China reportedly produced 30.5% more cars in May than a year earlier, according to official statistics that show output growth trending lower as efforts to slow the economy take effect.
The three previous months all showed successively slower expansion from a year earlier, Reuters noted.
“The two major factors seem to be tighter control over auto loans, and the Beijing auto show,” Yale Zhang at auto consultancy CSM told the news agency, adding: “People are waiting for new models to hit the market, and also want to see what price cuts are coming.
“Plus, sales rocketed this time last year as people flocked to buy cars during the outbreak of SARS,” he reportedly noted, referring to the deadly Severe Acute Respiratory Syndrome that drove people away from public transport and into private vehicles.
According to Reuters, the country produced 42.6% more cars in April than a year before – February output had been up 62.1%.
May’s production, 215,100 cars, was down 10.2% on April’s, but May is usually weak, because of holidays, the report said, adding that car output is often similar to sales, because exports tend to be insignificant.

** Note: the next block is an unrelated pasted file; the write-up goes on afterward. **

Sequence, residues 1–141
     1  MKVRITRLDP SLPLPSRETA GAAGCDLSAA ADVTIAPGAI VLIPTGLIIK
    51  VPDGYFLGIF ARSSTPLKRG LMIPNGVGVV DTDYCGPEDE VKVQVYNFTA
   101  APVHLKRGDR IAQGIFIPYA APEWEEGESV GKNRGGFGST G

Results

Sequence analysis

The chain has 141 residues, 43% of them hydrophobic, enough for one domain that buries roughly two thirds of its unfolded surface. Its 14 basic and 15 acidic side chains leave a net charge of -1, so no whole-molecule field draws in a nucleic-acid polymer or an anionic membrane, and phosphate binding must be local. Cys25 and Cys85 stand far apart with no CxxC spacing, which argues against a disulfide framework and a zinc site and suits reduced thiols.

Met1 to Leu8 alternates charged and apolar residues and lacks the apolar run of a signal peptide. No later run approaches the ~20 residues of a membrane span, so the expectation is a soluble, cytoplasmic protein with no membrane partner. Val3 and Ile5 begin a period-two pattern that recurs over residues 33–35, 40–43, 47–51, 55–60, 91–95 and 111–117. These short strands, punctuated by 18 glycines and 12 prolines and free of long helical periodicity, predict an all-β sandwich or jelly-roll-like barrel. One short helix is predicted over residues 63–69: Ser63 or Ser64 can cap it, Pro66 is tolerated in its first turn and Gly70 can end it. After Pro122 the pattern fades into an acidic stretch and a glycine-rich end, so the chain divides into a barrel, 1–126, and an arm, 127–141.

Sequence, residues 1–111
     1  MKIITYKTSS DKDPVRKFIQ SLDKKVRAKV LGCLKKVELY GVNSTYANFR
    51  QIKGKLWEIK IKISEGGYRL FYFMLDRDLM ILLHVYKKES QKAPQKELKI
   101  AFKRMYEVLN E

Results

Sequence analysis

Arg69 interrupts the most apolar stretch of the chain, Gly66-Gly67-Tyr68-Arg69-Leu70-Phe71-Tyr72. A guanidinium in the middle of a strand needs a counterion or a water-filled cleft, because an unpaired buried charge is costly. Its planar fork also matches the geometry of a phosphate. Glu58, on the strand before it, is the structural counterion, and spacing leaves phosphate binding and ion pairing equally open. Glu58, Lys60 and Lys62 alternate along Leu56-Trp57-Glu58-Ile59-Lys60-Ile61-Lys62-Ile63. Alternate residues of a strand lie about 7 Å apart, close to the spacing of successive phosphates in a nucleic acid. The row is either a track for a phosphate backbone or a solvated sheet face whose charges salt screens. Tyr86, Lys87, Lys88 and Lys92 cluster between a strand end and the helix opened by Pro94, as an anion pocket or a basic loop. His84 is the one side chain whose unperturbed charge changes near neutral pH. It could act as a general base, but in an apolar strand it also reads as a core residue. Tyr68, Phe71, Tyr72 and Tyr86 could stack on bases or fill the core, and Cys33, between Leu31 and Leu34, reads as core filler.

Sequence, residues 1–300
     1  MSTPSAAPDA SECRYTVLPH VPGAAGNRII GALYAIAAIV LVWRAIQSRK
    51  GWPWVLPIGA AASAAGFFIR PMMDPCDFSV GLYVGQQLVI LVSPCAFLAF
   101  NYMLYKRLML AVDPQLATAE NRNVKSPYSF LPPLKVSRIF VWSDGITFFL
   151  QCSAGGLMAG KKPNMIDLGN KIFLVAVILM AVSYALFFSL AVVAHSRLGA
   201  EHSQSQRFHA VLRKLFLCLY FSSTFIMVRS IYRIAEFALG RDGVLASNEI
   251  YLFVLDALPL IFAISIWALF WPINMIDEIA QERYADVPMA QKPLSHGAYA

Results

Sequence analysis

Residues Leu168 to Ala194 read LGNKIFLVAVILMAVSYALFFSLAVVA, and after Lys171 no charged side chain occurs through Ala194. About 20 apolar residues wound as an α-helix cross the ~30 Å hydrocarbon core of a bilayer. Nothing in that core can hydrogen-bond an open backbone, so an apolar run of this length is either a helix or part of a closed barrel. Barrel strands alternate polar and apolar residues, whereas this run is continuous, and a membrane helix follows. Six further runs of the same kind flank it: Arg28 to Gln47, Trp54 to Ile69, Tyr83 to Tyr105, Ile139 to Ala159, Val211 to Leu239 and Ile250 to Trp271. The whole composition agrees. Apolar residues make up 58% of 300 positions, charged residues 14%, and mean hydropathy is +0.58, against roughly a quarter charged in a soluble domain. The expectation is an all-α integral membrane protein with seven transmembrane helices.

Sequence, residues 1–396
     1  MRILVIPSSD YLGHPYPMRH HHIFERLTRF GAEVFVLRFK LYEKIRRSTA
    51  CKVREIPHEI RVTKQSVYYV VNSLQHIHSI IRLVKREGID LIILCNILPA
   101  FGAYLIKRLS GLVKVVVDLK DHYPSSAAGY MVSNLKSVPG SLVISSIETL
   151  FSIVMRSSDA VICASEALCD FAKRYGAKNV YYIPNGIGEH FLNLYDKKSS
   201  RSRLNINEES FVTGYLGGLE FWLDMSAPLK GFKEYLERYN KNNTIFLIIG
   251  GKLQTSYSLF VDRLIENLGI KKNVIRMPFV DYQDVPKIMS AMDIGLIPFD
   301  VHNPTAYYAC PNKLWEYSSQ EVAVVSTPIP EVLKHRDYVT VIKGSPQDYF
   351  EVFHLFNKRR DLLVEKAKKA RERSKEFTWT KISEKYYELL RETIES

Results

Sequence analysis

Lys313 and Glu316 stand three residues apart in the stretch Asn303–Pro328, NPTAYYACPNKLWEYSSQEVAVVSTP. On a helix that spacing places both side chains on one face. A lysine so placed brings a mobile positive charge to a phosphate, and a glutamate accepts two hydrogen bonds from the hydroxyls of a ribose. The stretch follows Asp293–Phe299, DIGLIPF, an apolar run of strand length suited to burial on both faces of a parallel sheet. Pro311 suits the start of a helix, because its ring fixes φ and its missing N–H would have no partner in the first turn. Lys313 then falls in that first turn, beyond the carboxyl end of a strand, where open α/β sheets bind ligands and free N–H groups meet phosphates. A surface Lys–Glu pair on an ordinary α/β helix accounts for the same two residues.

Reuters said an economic slowdown may be emerging as carmakers spend $US13 billion to triple capacity in China to some six million units by the end of the decade.
Market leaders Volkswagen and General Motors, which between them are planning to more than double capacity to some three million units by 2008, reportedly have said they were not worried by slowing sales.
Inventory is rising, official figures show, Reuters said, noting that manufacturers and distributors had about 103,000 unsold cars at the end of April, equivalent to about 16 days’ output.
The report said sales figures were not available on Monday but some analysts had speculated on a decline in car sales in May from April of as much as 20%, hit by measures to clamp down on investment.
Reuters said just over two million cars were sold in China last year, almost double 2002, as a decade of rapid economic growth put money in the pockets of Chinese starved of consumables during the country’s Communist era, while analysts expect 20 to 30% higher sales this year than in 2003 as people gradually return to the market.
Car production from January to May came to 1.03 million cars, up 37.6% from a year earlier, according to figures posted on an official government website, Reuters noted.